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Be The Full Jigsaw! How to Solve the Leadership Jigsaw

Be The Full Jigsaw! How to Solve the Leadership Jigsaw

“There is no such thing as a perfect leader, either in the past or present, in China or elsewhere. If there is one, he is only pretending, like a pig inverting spring onions into his nose in an effort to look like an elephant”.
–Liu Shao-Chi

It may be true that there is no such thing as the perfect leader – leaders are human, after all. However, that is not to say that people who hold leadership positions should not continually seek to improve their leadership skills.

Some managers hardly set an example for others to follow. They may have a badge on their office door or overall that pronounces them ‘Head of Service’; ‘Area Manager’; or ‘Unit Supervisor’ but do these ‘badge holders’ display all the necessary qualities to inspire others to follow them? It is unlikely that people are promoted to senior positions without any leadership skills, but they may lack one or more essential ones.

In order to measure managers’ leadership capabilities we need to identify what are the essential qualities of an effective leader. In my view they are six in number:

* A Leader is a visionary

* A Leader sets an example

* A Leader understands what motivates each team member

* A Leader builds supportive relationships

* A Leader empowers others to reach their potential

* A Leader understands the power of communications

These are the six components that each leader must work hard at continually and consistently applying and, most importantly, demonstrating in all he or she does. Think of it as a jigsaw – The Leadership Jigsaw®

Unless all six pieces are in place, the leader will not achieve his or her potential, nor will those looking to following their leader. No one aspiring to lead a high-performing team can do so if they are ‘one piece short of a jigsaw’! Let’s consider each piece in a little more detail.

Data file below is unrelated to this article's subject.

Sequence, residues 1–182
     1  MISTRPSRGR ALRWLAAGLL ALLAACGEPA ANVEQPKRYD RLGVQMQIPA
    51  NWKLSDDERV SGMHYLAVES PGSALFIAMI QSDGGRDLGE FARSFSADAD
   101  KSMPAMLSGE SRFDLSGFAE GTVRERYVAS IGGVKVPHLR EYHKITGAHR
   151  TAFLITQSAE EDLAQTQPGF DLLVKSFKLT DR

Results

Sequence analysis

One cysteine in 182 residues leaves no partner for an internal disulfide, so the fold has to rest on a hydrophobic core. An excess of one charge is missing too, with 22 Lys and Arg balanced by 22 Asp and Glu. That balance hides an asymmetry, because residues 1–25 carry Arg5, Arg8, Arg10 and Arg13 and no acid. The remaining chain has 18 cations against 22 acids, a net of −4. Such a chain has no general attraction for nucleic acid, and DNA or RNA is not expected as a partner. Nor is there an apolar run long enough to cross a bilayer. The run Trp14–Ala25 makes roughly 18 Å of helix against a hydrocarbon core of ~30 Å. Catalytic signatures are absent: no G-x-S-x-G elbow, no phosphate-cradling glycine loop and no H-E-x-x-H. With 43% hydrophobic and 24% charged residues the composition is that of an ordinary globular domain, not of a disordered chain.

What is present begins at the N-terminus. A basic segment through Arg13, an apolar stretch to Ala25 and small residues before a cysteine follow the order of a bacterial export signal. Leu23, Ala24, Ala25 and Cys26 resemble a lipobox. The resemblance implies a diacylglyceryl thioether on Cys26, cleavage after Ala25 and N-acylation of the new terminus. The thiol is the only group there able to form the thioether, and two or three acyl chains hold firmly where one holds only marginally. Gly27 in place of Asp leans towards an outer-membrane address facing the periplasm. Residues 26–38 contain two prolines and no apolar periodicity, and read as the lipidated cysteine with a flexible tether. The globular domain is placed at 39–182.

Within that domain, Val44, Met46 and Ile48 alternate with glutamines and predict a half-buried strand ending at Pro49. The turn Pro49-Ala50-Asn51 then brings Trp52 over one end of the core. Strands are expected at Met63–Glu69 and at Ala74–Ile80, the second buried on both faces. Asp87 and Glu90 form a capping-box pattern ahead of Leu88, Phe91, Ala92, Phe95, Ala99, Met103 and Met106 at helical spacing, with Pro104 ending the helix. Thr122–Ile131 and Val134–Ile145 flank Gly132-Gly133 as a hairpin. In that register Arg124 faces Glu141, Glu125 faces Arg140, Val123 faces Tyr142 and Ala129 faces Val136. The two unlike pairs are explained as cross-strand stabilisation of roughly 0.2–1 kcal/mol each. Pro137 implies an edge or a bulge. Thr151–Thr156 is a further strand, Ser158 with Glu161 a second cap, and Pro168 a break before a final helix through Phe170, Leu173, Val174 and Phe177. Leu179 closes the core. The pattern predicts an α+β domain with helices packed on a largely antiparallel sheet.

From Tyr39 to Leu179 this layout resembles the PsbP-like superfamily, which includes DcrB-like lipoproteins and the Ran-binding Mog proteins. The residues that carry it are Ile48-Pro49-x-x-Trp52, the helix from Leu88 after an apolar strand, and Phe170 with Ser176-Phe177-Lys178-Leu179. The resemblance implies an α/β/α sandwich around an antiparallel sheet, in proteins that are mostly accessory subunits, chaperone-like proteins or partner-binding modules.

VISION. Leadership involves taking people on a journey, but if people are to follow it must not be a journey into the unknown. Such destinations may work for Captain Kirk of the Starship Enterprise but they will not work for modern-day leaders with their feet placed firmly on terra-firma! A person holding a leadership position without a clear vision, or the ability to communicate one effectively, will be heading into darkness (probably alone!).

Creating a vision must, by its very nature, be one of the foremost roles of a leader – as it sets a positive theme for the future. A leader’s vision – which he or she personally associates themselves with – should appeal to people at an emotional level, as well as a practical one. It should be meaningful, relevant and inspirational: encouraging people to buy into it willingly. When leaders express their vision in a way that touches their followers, they invite strong commitment: a common purpose that focuses people on a shared, mutually beneficial objective.

“A leader shapes and shares a vision which gives point to the work of others” — Charles Handy

EXAMPLE. One of the most important and effective qualities leaders can display is consistently and visibly to link the values they stand for with their everyday actions. Indeed, consistency and visibility are the keys. People respect and follow leaders whose behaviour mirrors their words; they have no respect for leaders who say one thing and do another. “Do as I say, not as I do” is simply not good enough.

Leaders should, therefore, look hard into the mirror and consider what they see. They should ask themselves: “Do I lead in such a way that I would willingly follow myself? Do I consistently demonstrate leadership qualities that I would recognise in leaders that I, myself, respect?” You can be sure of one thing: you may not be continually assessing your performance as a leader, but your followers will be! They will be watching your every move and taking a lead from you.

The leaders acts as though everyone is watching, even when no-one is watching” — Brian Tracy

MOTIVATION. Having a vision is one thing: selling it in a way that others want to realise it is quite another. The leader’s role is to focus the energies of followers on shared goals and to encourage them to achieve those goals. Yet everybody is different and responds to different stimuli. Truly great leaders understand their followers: they understand their needs, their dreams, their fears, their emotions – what ‘makes them tick’. It is an understanding of the impact of differing needs on different people that is vital for effective leadership.